There are, according to Aryandari, more than two hundred jazz festivals in Indonesia. The number, Aryandari said, came from Indonesia's Ministry of Tourism, although a more reliable figure might be just over one hundred, as claimed by WartaJazz.com in 2018. For almost twenty years WartaJazz.com has been Indonesia's premier jazz agency, founding multiple jazz festivals, promoting national and international concerts and tours and, through its website, providing daily jazz news and reviews.

Whichever figure is closest to the truth it still represents a remarkable growth since the turn of the century when the country had probably fewer than twenty jazz festivals

Jazz festivals in Indonesia are held in both urban and rural areas. In Aryandari's city of Yogyakarta there are three jazz festivals, the longest-standing being the UGM Jazz, which has been running since 1997. Initially known as Economics Jazz, because the festival is held on the campus of Gaja Mada University's School of Business and Economics, ticket prices were too high for many people in the city, Aryandari said.

Ngayojazz, running since 2007, by contrast, mixes jazz and art installation in the village of Gilangharjo. National and international artists representing a wide range of jazz styles share the bill and the festival's posters and communications are written in the local idiom, which makes this festival a more inclusive event. Prambanan Jazz, which held its first edition in 2015 and attracts around twenty thousand people. The festival is held against the spectacular backdrop of Prambanan Temple, a ninth-century Hindu temple and UNESCO World Heritage Site.

Jazz festivals, however, can be found throughout Indonesia, with the honor of the longest-running festival belonging to Jazz Goes to Campus, whose first edition was in 1976. The reasons for the growth and popularity of jazz festivals among Indonesians are several, explained Aryandari. Firstly, tourism. Jazz festivals are seen by the regional authorities as a good way to increase local tourism by promoting an area's natural beauty, with all the economic benefits this brings. Two examples are Jazz Gunung, set in spectacular volcanic mountains in East Java, and Jazz and Dive, a scuba-diving-cum-jazz festival on a remote island off the Indonesian coast of Borneo.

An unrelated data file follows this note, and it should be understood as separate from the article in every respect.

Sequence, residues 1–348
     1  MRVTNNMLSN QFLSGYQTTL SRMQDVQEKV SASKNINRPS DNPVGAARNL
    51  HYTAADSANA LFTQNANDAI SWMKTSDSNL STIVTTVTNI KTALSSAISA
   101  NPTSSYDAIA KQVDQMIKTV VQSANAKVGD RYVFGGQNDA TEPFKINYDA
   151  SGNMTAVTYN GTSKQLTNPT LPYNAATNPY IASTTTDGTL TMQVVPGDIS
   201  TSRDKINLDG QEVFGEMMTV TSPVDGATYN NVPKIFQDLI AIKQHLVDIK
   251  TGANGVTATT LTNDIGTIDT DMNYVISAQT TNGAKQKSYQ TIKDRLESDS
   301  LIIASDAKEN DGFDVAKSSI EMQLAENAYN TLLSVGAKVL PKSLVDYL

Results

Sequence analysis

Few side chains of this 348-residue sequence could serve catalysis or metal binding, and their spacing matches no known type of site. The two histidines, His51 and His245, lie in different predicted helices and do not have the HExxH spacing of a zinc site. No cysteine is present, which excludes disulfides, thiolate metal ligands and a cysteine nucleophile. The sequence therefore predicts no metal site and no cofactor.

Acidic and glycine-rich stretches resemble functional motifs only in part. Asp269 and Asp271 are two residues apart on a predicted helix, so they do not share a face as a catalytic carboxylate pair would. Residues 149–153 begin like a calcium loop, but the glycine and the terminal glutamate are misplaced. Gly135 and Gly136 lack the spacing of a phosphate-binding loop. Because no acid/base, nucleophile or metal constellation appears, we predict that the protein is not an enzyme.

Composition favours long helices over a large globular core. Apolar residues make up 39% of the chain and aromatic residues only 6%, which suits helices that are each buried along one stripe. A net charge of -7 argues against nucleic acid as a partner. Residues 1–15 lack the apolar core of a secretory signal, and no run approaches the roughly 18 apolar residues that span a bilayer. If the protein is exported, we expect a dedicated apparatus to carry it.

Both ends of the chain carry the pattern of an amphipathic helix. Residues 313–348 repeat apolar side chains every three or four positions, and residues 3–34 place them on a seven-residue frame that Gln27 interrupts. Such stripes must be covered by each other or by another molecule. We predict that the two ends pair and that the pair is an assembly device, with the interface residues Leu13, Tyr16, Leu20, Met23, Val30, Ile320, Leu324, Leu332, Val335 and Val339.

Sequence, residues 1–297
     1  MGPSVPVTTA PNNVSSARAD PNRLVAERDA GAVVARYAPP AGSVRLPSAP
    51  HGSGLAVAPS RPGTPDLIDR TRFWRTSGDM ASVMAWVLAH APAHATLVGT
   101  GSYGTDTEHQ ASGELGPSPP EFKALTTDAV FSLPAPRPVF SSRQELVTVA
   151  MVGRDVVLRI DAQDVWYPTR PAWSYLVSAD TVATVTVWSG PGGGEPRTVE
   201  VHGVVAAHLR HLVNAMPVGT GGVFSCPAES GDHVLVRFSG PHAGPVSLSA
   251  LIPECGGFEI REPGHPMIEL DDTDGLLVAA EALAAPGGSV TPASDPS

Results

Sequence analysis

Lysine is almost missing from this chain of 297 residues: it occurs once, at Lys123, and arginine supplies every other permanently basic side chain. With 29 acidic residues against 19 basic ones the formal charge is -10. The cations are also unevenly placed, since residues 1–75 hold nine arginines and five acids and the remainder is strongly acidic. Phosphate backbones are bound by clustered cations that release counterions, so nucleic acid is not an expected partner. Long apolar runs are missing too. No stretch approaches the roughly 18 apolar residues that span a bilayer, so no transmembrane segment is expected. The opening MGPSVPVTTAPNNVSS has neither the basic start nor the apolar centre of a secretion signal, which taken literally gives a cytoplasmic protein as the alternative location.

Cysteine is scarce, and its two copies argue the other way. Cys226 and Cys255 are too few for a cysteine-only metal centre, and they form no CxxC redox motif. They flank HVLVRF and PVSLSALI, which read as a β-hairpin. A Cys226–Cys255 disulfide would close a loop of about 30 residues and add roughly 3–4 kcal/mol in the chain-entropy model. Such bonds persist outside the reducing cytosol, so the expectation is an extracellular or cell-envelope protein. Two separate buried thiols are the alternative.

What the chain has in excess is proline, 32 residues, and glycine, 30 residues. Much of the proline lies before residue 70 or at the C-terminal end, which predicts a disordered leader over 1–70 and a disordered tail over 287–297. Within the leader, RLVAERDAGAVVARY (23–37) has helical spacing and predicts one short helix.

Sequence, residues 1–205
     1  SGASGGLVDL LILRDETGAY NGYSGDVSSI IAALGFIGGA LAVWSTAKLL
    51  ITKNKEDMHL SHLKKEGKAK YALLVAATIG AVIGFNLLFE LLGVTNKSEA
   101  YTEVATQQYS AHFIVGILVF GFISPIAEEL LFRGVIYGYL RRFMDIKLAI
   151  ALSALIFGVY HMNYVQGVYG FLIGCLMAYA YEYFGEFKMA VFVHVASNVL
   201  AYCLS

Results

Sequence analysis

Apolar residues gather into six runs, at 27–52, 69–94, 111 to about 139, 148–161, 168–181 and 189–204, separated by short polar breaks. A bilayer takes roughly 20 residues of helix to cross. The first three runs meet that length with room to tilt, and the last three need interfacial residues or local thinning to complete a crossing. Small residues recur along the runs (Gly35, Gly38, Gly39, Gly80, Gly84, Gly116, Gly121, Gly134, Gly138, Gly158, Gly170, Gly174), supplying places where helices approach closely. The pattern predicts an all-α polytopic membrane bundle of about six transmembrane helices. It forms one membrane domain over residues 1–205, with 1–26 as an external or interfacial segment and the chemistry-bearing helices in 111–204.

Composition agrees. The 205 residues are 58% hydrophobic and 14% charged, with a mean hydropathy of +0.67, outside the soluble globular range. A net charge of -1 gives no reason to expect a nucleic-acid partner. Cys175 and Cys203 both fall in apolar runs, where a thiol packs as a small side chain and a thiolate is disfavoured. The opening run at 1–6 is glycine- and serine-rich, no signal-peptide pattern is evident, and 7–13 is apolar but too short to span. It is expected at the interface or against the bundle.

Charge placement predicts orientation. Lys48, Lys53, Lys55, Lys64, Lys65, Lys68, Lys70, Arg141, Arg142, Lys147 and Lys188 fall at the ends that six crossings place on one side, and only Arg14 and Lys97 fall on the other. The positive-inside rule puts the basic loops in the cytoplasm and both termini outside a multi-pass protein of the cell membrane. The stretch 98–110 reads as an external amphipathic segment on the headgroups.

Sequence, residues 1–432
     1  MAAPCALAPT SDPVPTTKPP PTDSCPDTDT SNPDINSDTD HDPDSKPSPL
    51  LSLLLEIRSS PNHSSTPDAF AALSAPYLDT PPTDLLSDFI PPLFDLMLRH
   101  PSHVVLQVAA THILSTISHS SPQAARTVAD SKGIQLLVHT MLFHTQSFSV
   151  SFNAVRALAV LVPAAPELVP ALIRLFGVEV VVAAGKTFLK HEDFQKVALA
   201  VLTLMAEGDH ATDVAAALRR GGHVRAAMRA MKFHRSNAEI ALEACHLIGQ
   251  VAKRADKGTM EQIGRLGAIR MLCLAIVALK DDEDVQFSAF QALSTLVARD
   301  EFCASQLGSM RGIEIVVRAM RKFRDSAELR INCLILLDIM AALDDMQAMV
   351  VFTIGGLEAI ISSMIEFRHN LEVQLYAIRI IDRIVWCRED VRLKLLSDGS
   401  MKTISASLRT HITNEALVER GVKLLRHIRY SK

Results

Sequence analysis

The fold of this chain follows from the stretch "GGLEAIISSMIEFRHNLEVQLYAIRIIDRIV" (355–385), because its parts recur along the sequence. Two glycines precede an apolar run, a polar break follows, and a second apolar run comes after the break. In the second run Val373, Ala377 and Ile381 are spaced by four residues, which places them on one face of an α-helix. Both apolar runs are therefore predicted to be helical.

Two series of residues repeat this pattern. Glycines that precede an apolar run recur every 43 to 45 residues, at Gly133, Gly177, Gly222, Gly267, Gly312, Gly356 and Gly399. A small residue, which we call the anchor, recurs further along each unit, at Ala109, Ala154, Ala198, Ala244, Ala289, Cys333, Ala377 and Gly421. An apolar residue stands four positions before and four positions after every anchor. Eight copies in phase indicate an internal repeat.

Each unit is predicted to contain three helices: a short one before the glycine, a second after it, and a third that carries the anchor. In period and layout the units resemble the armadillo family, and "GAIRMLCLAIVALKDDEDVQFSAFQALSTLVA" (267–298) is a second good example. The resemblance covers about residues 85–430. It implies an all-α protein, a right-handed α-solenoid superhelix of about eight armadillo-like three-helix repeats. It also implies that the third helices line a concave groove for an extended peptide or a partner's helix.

Jazz has a tradition in Indonesia dating back to the 1930s, Aryandari said, but tradition and tourism do not explain the rapid growth of jazz festivals in Indonesia. For many young Indonesians, Aryandari explained, jazz represents modernity and sophistication. It is cool and fun to attend jazz festivals. Jazz festivals exemplify a lifestyle and, Aryandari said, a social mobility.

In summary, Aryandari described how the festivalisation of jazz in Indonesia animates an urban or rural space, influences people's lifestyle, generates economic benefits, improves the image of the host city, town or village, and brings locals, national tourists and foreign visitors alike, together in cultural celebration.

The second paper, titled Documenting Jazz Through Music Competitions: A Belgian Case Study, was presented by Matthias Heyman of University of Antwerp/Royal Conservatoire Antwerp and focused specifically on the B-Jazz International Contest in Belgium, which has been running since 1979, and on how jazz competitions in general can play an important role in documenting and signifying multiple aspects of jazz culture.

For context, Heyman began with a brief history of the jazz competition. Jazz competitions go back as far as the early 1920s in the US, Heyman said, but really grew and expanded in Europe, firstly in the UK with dance band competitions in the mid-1920s. Jazz competitions in Continental Europe began, as far as records show, in the early 1930s. Not even WWII could stop certain competitions and they gained greater momentum from the 1950s on. These days jazz competitions are held throughout the world, embracing diverse formats from big-band to soloist, amateur and professional, local and global.